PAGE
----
https://www.unaids.org/en/resources/presscentre/pressreleaseandstatementarchive/2016/february/20160212_condoms

https://www.ncbi.nlm.nih.gov/pmc/articles/PMC6339129/


Syphilis Infection in Asikuma Odoben Brakwa District, Ghana

Asikuma Odoben Brakwa District

By identifying the risk factors of the common STDs, we will be able to raise awareness for their existence and over time, work to eliminate them. With that, we can act to decline the STD rates on a global level, with a focus on where those rates are the highest. That is exactly what a group of researchers has done back in 2019, trying to identify the risk factors for existing syphilis infection among pregnant women.

What are the syphilis risk factors among pregnant women in Aiskuma Odoben Brakwa District in Ghana?

Syphilis is one of the common sexually transmitted infections (STIs). It is caused by a bacteria called Treponema pallidum. Like any other STD, syphilis as well is transmitted through unprotected sexual intercourse, including oral, vaginal, and anal sex.

The first and most characteristic symptoms of existing syphilis infection is a painless sore that can appear anywhere on the sexual organs, rectum, lips, or inside the mouth. People usually fail to notice this first symptom and continue to live with the existing infection, eventually helping it spread if they engage in unprotected sexual intercourse in the near future.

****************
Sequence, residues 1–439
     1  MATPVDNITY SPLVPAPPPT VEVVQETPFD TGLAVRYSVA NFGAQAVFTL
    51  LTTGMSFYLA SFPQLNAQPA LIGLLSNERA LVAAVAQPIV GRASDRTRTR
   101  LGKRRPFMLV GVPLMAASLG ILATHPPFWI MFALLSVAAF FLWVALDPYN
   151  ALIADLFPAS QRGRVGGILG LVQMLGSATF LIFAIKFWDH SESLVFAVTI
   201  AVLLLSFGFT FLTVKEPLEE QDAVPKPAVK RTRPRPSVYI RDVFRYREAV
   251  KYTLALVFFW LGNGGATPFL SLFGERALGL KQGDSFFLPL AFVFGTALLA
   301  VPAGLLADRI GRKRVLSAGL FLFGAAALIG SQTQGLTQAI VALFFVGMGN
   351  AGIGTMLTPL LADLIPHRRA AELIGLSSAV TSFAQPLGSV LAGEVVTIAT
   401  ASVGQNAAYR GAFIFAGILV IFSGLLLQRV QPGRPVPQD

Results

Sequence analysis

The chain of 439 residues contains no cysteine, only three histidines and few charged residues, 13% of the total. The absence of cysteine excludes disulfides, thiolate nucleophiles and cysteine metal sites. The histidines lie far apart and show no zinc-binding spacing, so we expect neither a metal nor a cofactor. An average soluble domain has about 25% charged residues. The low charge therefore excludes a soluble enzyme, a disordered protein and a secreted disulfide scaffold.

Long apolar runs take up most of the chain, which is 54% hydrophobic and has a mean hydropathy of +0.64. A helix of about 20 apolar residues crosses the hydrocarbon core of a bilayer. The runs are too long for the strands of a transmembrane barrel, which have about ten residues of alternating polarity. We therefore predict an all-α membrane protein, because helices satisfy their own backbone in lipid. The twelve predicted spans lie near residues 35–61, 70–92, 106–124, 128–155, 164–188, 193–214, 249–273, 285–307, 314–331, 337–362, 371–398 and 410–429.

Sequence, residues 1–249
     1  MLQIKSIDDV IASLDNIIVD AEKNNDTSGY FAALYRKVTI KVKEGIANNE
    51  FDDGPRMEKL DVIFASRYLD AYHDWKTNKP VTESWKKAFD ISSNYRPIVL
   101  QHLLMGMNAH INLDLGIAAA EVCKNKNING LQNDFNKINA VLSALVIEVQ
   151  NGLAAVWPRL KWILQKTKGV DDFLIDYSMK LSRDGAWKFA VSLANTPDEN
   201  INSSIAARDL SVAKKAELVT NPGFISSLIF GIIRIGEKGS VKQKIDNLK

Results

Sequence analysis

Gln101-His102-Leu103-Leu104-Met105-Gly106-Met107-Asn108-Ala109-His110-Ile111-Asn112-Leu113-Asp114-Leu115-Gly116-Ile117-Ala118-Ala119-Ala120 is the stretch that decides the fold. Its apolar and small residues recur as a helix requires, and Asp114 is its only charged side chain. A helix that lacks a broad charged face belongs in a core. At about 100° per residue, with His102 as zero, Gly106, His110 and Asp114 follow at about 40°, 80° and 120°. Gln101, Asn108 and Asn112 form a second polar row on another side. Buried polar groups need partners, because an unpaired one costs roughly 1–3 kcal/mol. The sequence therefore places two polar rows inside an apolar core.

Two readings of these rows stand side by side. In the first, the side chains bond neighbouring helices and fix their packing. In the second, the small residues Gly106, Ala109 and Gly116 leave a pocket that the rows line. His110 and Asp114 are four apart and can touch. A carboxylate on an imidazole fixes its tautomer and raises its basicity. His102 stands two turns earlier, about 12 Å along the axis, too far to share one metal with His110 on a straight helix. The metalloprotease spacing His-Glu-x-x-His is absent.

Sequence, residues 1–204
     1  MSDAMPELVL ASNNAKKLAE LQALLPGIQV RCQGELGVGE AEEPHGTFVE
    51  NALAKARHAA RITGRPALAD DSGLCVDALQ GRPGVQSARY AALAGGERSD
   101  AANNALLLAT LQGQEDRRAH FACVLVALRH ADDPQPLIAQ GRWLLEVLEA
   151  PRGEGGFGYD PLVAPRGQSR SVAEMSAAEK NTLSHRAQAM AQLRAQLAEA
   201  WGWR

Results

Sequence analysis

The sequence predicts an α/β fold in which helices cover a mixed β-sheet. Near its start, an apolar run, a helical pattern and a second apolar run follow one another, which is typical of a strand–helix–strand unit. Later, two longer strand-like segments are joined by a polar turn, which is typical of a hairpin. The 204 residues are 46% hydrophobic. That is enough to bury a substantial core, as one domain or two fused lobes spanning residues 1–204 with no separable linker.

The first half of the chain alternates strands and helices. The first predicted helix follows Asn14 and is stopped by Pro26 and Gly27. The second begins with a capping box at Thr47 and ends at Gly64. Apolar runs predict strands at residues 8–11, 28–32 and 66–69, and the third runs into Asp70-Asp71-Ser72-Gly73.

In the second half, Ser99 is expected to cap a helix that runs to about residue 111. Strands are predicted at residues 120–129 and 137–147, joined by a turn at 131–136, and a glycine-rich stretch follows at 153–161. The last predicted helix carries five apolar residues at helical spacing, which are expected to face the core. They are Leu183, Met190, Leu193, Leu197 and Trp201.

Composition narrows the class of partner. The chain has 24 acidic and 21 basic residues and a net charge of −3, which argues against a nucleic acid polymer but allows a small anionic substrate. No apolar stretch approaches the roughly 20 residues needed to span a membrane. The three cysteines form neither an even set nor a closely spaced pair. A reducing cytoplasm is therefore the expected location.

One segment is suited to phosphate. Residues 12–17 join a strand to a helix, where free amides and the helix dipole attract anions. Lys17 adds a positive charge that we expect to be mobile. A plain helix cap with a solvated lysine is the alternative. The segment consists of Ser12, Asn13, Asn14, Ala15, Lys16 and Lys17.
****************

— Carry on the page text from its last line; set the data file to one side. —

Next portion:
Although we have penicillin since the 1990s, there is a continuous spread of syphilis on an international level, with more than 10 million individuals being diagnosed with an existing syphilis infection each year. Of course, the prevalence of syphilis is higher in high burden countries and rural areas such as Africa, especially in the Aiskuma Odoben Brakwa district in Ghana, Africa.

The overall prevalence of syphilis in Aiskuma Odoben Brakwa district in Ghana has been estimated to be around 3.2% with a higher prevalence among women, about 5.7%, as compared to men, among which the prevalence is around 1.7%. The prevalence seems to be dangerously high among pregnant women with a prevalence of 1.6% in 2016, which poses its own threats knowing how syphilis can be easily transmitted to the baby in the womb during pregnancy.

But it is not only the congenital syphilis infection that we need to fear. Other complications such as stillbirth, low birth weight, spontaneous abortion, and neonatal death are possible as well. In fact, syphilis during pregnancy is considered to be the second leading cause of stillbirth on a global level.